Yes and I get all of that, I've seen that they're doing further expansions into Seattle and increasing their workforce there. I'm not doubting their current investment in Seattle at all.

I suppose my inquiry really is this: why are they even doing HQ2 away from Seattle? Why not just add 50,000 more jobs on top of the 60,000 they already have and keep all their operations consolidated in just the Greater Seattle Region?

I don't understand the need to hunt out a location for a second headquarters. You seem to be more plugged into this than I am, so perhaps you could explain their train of thought to me.
You expand your labor pool if you are in more places. That's why Google and Amazon have offices in Cambridge. The vast majority of people don't move too far from home. By moving to Atlanta or Boston or Chicago they are unlocking a whole new region of talent. Plus being in the Eastern or Central Time Zone would lend itself to easier interaction with Europe due to the time difference being only 5/6 not 8 hours.
 
Old 10-26-2017, 08:51 AM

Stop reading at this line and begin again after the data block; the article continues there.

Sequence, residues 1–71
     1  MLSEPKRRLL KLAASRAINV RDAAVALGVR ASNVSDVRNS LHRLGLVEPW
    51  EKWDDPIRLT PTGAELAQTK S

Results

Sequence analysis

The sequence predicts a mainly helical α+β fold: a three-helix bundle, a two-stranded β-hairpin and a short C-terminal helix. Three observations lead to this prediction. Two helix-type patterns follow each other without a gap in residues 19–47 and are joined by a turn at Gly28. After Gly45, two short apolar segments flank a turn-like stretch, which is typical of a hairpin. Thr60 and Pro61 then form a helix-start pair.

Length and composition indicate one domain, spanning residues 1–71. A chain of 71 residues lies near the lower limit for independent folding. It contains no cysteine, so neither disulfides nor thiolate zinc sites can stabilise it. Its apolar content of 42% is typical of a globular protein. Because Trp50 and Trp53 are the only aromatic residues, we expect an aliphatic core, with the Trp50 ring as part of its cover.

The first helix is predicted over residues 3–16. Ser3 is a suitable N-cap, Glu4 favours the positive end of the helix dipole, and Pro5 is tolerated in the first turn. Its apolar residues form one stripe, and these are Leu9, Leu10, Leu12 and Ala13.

Location: Zurich, Switzerland/ Piedmont, CA
32,377 posts, read 55,190,768 times
Reputation: 15462
Quote:
Originally Posted by pnwguy2 View Post
Exactly. Does Ford produce all their products in Michigan? Nope. Does Boeing produce all their products in the Seattle area? Nope. Does Toyota and Nissan produce all their products in Japan? Nope. And does Facebook and Google produce all their products in Silicon Valley? Nope.
Which is why I have long suspected that this 'HQ2' concept is total make believe. It's just a (brilliant) ploy for massive tax incentives. Seattle will remain the actual HQ, and the other place will be a really fancy back office.

Well played Amazon.
 
Old 10-26-2017, 09:48 AM
 
Location: Clemson, SC by way of Tyler,TX
4,857 posts, read 2,991,404 times
Reputation: 3399
Quote:
Originally Posted by pnwguy2 View Post
Exactly. Does Ford produce all their products in Michigan? Nope. Does Boeing produce all their products in the Seattle area? Nope. Does Toyota and Nissan produce all their products in Japan? Nope. And does Facebook and Google produce all their products in Silicon Valley? Nope.
Yep. Increase that geo footprint, even in a digital world. No reason to only be in one market.
 
Old 10-26-2017, 09:53 AM
 
Location: Clemson, SC by way of Tyler,TX
4,857 posts, read 2,991,404 times
Reputation: 3399
Quote:
Originally Posted by 18Montclair View Post
Which is why I have long suspected that this 'HQ2' concept is total make believe. It's just a (brilliant) ploy for massive tax incentives. Seattle will remain the actual HQ, and the other place will be a really fancy back office.

Well played Amazon.
Seattle will always be home. But 50,000 employees is impactful.